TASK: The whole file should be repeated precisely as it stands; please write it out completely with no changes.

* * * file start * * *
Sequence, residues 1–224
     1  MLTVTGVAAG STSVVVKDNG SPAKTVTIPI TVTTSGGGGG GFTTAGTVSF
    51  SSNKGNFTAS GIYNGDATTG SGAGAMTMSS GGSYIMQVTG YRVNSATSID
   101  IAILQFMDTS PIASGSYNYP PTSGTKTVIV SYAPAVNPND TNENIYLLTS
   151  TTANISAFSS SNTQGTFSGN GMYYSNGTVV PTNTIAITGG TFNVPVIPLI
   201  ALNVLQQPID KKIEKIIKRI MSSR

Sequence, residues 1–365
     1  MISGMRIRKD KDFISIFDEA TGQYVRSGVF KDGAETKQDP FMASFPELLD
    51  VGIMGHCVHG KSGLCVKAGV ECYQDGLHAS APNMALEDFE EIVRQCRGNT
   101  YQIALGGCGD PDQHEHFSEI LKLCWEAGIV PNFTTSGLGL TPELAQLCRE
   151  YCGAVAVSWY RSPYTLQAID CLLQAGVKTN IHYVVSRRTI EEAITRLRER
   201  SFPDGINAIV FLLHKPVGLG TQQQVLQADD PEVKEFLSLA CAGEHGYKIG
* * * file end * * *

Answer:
Sequence, residues 1–224
     1  MLTVTGVAAG STSVVVKDNG SPAKTVTIPI TVTTSGGGGG GFTTAGTVSF
    51  SSNKGNFTAS GIYNGDATTG SGAGAMTMSS GGSYIMQVTG YRVNSATSID
   101  IAILQFMDTS PIASGSYNYP PTSGTKTVIV SYAPAVNPND TNENIYLLTS
   151  TTANISAFSS SNTQGTFSGN GMYYSNGTVV PTNTIAITGG TFNVPVIPLI
   201  ALNVLQQPID KKIEKIIKRI MSSR

Sequence, residues 1–365
     1  MISGMRIRKD KDFISIFDEA TGQYVRSGVF KDGAETKQDP FMASFPELLD
    51  VGIMGHCVHG KSGLCVKAGV ECYQDGLHAS APNMALEDFE EIVRQCRGNT
   101  YQIALGGCGD PDQHEHFSEI LKLCWEAGIV PNFTTSGLGL TPELAQLCRE
   151  YCGAVAVSWY RSPYTLQAID CLLQAGVKTN IHYVVSRRTI EEAITRLRER
   201  SFPDGINAIV FLLHKPVGLG TQQQVLQADD PEVKEFLSLA CAGEHGYKIG